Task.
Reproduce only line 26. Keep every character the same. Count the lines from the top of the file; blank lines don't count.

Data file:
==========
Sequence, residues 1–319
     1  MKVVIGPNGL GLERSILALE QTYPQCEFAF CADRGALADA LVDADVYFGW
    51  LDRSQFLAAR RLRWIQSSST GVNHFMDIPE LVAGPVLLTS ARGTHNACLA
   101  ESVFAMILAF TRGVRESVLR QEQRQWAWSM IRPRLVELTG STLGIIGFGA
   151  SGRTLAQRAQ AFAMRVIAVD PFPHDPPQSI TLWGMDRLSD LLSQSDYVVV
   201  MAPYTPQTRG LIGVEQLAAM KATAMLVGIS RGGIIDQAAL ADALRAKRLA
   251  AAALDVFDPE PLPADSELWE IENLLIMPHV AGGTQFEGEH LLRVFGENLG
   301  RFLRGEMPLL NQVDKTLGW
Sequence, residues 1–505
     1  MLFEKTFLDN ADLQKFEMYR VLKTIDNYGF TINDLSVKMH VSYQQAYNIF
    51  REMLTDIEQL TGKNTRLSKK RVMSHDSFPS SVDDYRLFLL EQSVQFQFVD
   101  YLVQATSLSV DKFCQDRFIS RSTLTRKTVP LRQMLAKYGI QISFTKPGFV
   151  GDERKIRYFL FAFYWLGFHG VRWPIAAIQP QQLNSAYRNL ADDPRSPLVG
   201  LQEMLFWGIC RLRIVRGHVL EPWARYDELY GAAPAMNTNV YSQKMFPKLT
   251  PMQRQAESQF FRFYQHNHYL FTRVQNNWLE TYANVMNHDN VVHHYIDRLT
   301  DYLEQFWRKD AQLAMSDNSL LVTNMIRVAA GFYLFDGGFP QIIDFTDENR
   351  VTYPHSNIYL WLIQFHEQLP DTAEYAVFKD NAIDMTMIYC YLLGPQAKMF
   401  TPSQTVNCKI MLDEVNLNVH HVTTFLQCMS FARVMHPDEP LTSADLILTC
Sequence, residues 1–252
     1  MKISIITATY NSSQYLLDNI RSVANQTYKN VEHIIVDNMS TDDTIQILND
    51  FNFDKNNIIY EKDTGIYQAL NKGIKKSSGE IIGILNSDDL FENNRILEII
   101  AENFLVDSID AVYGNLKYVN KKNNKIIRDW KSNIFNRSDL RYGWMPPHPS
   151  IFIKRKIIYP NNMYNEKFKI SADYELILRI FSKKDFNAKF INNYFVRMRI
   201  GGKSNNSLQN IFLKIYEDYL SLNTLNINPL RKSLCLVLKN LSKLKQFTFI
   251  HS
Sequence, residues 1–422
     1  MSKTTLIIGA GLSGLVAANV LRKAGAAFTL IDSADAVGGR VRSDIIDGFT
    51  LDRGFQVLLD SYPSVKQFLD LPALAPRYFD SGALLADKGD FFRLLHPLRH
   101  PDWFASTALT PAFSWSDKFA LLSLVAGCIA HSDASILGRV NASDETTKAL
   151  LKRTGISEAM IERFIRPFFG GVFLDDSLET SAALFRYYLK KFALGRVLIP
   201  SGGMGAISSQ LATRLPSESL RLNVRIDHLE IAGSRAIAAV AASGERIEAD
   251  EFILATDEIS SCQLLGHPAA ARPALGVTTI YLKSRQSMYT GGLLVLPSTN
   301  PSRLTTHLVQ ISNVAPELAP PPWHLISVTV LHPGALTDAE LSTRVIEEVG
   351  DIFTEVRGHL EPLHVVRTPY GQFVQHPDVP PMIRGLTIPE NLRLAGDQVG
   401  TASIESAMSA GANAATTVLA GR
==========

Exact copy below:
Sequence, residues 1–422